# Converting Assembler Operators to Binary

• 06-04-2002
sean
Converting Assembler Operators to Binary
I'm making an assembler that runs off of CGI and hence, the processing will all be done in 100% C. I have a list of the equivalents of the Instructions in Assembler, and a guide on how to translate the operands in into binary (they have to be imbedded in the instruction). Operators how ever, are a different story. Anyone? There's no list in my book.
• 06-04-2002
*
There are only operands and operators. Operands are also called mnemonics (pronouned new-MON-ix).

Binary is not a thing. It is a numbering system, like hex or decimal. It is not a what, but a HOW you look at RAM.

If I look at a location in RAM in decimal I might see 0. If I look at it in hex, it might see 0x00, and if I look at it in binary I might see 00000000.

All the same thing no matter how you look at it.

Thus, to create assembly, you simply, using specific rules about your processor, create a 32-bit number whose bits reflect those that tell the processor what mnemonic it is, and then what its operands are. You might have to create a couple of other 8, 16, or 32-bit numbers to go with it, depending on the processor syntax for the given mnemonic.

If you want to see what bit pattern an assembly instruction (again, a mnemonic, or operand) requires, you should get a processor book from the maker of that chip (eg. Motorola or Intel), or get a book at the bookstore about that chip.. eg. 8088, or 80386, etc.)

So to recount: Let's _suppose_ you had an LDA mnemonic for "Loading a value into an Address location". It might be assembler like this:

Code:

...
NOP
LDA  #5,bx                      ;put a 5 into register bx
LDA  #10,ax                    ;put a 10 into register ax
MUL bx,ax                        ;multiply the 2, putting result into bx
...

In binary, you have to know how the processor knows what a register is (and hence what index applies to what register). You have to know how many bits are used to tell the CPU which mnemonic it's looking at.

For example, Let's say all mnemonics require 6 bits to tell the CPU what the mnemonic is. You need 3 bits each for each registor (your imaginary processor only supports 7 registers), you need a sign bit, and a value for the operators.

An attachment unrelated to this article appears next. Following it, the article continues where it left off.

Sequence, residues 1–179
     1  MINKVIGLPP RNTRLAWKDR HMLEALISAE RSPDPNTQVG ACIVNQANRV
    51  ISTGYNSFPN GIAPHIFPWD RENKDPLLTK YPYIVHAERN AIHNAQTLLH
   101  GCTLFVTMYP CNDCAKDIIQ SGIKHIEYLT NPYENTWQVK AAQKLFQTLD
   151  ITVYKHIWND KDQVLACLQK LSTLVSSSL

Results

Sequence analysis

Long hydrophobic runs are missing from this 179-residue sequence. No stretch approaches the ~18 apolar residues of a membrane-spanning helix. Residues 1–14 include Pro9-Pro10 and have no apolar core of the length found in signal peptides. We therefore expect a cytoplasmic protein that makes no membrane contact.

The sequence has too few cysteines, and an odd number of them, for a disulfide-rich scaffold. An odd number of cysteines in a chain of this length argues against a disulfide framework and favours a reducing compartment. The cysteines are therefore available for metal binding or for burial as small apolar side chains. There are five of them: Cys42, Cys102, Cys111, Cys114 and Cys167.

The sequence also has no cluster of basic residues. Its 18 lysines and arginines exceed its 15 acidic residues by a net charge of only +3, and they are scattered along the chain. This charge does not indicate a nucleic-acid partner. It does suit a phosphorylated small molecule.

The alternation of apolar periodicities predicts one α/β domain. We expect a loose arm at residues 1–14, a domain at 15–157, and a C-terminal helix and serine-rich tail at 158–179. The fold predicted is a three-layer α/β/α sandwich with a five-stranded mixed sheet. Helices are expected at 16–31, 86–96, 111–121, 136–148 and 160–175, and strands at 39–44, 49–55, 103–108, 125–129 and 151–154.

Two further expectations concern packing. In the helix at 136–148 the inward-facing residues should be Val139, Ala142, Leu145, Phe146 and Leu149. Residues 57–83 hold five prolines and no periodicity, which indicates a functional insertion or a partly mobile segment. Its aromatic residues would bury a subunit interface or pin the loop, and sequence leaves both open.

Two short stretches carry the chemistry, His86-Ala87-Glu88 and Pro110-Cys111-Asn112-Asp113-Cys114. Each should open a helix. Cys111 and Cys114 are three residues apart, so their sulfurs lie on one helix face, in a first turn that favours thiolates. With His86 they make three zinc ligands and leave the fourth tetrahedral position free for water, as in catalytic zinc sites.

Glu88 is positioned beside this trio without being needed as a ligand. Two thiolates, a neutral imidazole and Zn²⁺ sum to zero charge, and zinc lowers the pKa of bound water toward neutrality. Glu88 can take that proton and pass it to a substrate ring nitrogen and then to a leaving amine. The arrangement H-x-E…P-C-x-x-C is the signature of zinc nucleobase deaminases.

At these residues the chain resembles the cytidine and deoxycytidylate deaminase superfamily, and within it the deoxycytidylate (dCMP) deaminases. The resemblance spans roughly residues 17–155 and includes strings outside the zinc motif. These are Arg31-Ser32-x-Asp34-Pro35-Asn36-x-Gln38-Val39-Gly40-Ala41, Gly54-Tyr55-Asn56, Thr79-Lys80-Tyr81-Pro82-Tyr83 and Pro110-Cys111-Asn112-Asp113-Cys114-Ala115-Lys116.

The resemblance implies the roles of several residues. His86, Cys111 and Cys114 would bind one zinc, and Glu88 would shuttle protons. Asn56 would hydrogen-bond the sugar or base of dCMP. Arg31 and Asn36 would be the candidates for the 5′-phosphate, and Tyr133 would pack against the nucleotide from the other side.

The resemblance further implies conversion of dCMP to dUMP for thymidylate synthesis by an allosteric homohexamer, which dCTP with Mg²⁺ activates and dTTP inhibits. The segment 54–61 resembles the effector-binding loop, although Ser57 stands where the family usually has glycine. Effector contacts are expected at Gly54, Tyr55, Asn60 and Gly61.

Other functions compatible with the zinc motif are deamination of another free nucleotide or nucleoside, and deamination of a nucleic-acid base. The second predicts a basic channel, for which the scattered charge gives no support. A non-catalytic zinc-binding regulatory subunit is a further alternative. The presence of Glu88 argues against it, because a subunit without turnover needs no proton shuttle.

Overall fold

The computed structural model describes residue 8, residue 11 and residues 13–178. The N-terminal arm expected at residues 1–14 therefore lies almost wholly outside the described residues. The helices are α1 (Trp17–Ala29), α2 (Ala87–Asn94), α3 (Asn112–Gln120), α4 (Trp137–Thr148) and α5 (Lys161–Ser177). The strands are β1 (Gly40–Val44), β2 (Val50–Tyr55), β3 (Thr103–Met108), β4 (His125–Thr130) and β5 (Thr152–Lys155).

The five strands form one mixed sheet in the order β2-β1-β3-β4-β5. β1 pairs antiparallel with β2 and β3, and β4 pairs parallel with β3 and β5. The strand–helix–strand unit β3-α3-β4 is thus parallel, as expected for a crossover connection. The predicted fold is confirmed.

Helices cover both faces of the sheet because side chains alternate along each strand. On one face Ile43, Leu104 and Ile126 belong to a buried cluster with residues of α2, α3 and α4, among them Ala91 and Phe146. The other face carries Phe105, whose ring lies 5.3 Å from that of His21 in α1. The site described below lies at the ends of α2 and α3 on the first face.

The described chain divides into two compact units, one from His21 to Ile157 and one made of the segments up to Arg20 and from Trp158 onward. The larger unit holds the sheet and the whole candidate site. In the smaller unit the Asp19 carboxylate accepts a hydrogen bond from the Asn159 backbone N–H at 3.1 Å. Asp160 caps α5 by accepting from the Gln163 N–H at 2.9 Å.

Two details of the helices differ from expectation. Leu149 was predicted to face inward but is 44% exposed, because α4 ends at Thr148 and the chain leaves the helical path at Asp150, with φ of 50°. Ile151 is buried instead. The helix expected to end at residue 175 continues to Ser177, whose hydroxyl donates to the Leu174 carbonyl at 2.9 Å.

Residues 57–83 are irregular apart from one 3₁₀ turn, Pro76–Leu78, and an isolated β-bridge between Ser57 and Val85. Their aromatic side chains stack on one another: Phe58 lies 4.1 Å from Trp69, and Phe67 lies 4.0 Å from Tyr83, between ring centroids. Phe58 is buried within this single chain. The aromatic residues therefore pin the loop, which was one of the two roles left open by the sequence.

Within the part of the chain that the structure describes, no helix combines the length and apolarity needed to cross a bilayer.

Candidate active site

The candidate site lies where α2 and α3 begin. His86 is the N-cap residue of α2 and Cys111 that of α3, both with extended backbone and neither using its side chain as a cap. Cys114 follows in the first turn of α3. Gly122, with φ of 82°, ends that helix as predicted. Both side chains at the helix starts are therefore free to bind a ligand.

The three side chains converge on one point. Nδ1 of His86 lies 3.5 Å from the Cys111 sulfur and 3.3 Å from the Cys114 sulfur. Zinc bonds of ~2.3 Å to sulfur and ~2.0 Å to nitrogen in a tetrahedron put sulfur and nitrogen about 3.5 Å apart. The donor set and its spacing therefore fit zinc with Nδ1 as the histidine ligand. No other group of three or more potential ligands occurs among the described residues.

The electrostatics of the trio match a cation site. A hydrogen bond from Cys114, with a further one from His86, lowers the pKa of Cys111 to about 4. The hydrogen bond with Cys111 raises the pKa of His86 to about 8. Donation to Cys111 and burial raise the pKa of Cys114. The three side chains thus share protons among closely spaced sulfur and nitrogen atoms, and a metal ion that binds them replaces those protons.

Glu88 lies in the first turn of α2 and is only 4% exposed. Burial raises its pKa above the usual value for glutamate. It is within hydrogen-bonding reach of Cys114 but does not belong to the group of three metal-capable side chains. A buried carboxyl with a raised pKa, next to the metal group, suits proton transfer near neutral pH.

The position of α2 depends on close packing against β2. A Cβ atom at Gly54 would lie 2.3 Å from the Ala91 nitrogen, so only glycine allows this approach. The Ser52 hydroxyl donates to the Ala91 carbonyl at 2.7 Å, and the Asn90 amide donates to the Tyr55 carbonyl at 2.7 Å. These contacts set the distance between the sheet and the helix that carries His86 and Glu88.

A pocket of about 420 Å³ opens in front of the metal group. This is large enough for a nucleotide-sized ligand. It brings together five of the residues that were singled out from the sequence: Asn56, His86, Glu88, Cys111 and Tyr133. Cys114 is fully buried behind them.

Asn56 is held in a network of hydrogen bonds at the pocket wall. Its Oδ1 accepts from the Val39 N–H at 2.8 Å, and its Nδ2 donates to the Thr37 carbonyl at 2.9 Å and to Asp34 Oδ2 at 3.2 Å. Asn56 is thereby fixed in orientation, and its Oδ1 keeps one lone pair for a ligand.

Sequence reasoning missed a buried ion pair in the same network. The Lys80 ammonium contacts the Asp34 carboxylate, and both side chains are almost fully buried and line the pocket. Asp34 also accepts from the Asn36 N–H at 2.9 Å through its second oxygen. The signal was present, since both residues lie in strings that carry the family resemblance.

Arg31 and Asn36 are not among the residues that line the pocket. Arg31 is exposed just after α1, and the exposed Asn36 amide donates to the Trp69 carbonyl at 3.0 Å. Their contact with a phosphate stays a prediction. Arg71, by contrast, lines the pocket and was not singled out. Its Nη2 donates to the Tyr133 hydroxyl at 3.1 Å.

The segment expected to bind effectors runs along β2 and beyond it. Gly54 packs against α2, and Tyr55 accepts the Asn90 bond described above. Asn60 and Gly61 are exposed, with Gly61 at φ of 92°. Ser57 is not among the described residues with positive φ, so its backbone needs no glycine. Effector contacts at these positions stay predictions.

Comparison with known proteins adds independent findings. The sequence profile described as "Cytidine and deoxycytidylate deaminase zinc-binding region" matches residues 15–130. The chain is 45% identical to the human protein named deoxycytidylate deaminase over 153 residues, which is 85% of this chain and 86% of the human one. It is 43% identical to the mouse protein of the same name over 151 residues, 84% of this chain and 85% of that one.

LDA #5,bx might look like this:

11101000000000000000000101010011

Which, in decimal is: 3892314451, or
in hex is: 0x00E8000153.
• 06-04-2002
sean
I know what binary is. I know how to convert. I've done the exact same thing with the assembly insructions, but I have no list for the operators. That's all I'm looking for.
• 06-04-2002
VirtualAce
Assembly operators??

There aren't any. Granted you can use the +, -, *, and / in assembly programs but that is usually because the assembler allows you to.

Perhaps you are not using the right term.

There are instructions and operands or opcodes and operands, R/M byte, and several other terms are used to describe an assembly statement. Look them up in an Intel manual.
• 06-04-2002
Sebastiani
...:sigh:
Boy are you deaf as a horse? If you had been listening to *guest's reply you would have realized that therein lies the answer to your question. Do you want to find the pattern? Just look at it:)
• 06-05-2002
Nick
I'm not sure what exactly you want but if the intel manuals don't have it...

http://www.intel.com/design/Pentium4/manuals/index.htm
• 06-05-2002
Shiro
>I'm not sure what exactly you want but if the intel manuals
>don't have it...

If it is an Intel which Sean is talking about. Another interesting link on microprocessors:

http://casl.csa.iisc.ernet.in/Comput...cture/Manuals/
• 06-05-2002
sean
Well my book calls them Operators. examples: The aforementioned arithmetic operators, HIGH, INDEX, LENGTH, LOW,OFFSET, MASK, PTR, SEG, SHL, SHR, SHORT, SIZE, THIS, TYPE, WIDTH. i'm also looking for the directives. Examples: ALIGN ENDP EVEN LABEL PROC IF ELSE .ERR .ERR1 ALIGN EQU EVEN LABEL ORG. DB DW DD DF DQ DT .CREF .LIST PAGE SUBTTL TITLE .XCREF .XLIST .LALL .LFCOND .SALL SFCOND TFCOND .XALL, and there are a lots of others which I can't be bothered typing in.
• 06-05-2002
Shiro
Seems you're using an Intel isn't it? I suggest you download the Intel manuals. There's lots of info in it. Or else take a look at this site:

• 06-06-2002
sean
No. The book is for IBM PCs It was written when DOS was state of the art. It's just your average Microsoft system
• 06-06-2002
*
In assembly language jargon, they are called operators or opcodes. The associated arguments are called operands.

An operator is also called a 'mnemonic' because it is an abbreviated instruction. For example 'LDA' stands for "LoaD effective Address'. Likewise, 'NOP' stands for 'No OPcode'.

First the last time, you need to get a book that is for the specific processor or family of processors you want to work with. Usually from the chip maker. This is an engineering book, not something you get at Amazon.com It will not only have all the engineering technical information, waitstates, cycle timing, buslining, etc., but it will also have every possible assembly instruction and what its associated bit pattern is, based on what operands are associated with it.

For example, for the Pentium IV, here is the link to Intel's site that you want to get a hardcopy of the instruction set (opcode) reference manual.

http://developer.intel.com/design/pe...als/245471.htm